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FAA Targets Airspace Over Michigan Amid Flying Object Sightings

Chris Agee
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The past several days have sparked concerns about everything from Chinese aggression to alien invasions as North American forces have responded to multiple high-altitude flying objects.

In the wake of a suspected Chinese spy balloon that the Biden administration allowed to drift across the entire continental United States earlier this month, at least three additional vessels have been shot down in the U.S. and Canada. 


Responding to a perceived threat over Lake Michigan on Sunday, the Federal Aviation Administration temporarily closed the affected airspace, sending a firm message to anyone operating aircraft in the area.

“Pilots who do not adhere to the following [procedure] may be intercepted, detained, and interviewed by law enforcement or security personnel,” the agency advised

The FAA reopened the affected airspace, but President Joe Biden authorized a mission on Sunday afternoon that resulted in military jets shooting down an object over an adjacent lake.

Air Force Brig. Gen. Pat Ryder confirmed that the vessel was spotted flying at an altitude of about 20,000 feet over Lake Huron and the Pentagon determined that it would be safest to bring the object down over the water. 

“We did not assess it to be a kinetic military threat to anything on the ground, but assess it was a safety flight hazard and a threat due to its potential surveillance capabilities,” he added.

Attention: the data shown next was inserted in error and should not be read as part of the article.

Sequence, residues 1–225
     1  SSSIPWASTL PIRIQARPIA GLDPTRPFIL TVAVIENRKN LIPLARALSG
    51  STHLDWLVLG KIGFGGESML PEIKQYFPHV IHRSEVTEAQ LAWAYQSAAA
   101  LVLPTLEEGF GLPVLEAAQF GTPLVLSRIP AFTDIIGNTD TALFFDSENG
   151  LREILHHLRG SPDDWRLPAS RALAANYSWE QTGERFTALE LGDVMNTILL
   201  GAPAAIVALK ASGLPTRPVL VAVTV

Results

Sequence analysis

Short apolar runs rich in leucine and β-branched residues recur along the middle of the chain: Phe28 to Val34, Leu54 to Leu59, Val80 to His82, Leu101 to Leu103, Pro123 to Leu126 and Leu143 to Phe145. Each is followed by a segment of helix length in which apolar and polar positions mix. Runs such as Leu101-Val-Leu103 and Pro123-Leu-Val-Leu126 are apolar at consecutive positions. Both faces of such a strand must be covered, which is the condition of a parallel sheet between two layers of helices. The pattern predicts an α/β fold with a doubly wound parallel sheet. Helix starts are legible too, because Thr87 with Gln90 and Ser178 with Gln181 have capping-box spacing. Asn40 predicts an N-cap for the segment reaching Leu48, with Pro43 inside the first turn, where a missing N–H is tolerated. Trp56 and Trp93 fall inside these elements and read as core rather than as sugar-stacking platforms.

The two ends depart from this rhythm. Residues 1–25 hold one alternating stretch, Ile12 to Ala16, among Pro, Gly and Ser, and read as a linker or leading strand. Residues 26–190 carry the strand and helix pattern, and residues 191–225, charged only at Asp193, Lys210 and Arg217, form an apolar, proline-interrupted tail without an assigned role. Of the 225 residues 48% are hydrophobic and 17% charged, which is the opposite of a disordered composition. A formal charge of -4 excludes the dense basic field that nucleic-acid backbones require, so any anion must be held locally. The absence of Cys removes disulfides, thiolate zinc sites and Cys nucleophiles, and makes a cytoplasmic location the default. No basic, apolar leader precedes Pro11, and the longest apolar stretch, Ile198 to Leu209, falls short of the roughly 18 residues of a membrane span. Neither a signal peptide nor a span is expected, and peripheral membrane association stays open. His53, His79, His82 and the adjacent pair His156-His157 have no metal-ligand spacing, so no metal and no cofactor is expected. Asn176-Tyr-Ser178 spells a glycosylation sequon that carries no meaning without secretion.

Although the Biden administration released few details about the latest object shot down from U.S. airspace, Ryder did confirm the possibility that it was another spy balloon.

That move came on the heels of a decision to shut down airspace over a portion of Montana on Saturday for what the federal government called “national defense purposes.”

In a statement following that decision, U.S. Rep. Matt Rosendale (R-MT) indicated that he had been “in constant communication” with the appropriate authorities who advised that an object was spotted in the sky.

“I am waiting now to receive visual confirmation,” he added. “Our nation’s security is my priority. Those aircraft did not identify any object to correlate to the radar hits. NORAD will continue to monitor the situation.”

As U.S. Sen. Steve Daines (R-MT) explained in a statement on Sunday, the narrative only further fosters distrust of the federal government.

“The lack of communication from the Biden administration regarding the closing of Montana airspace last night and the recent shoot-downs that took place over Alaska and Canada is unacceptable,” he said.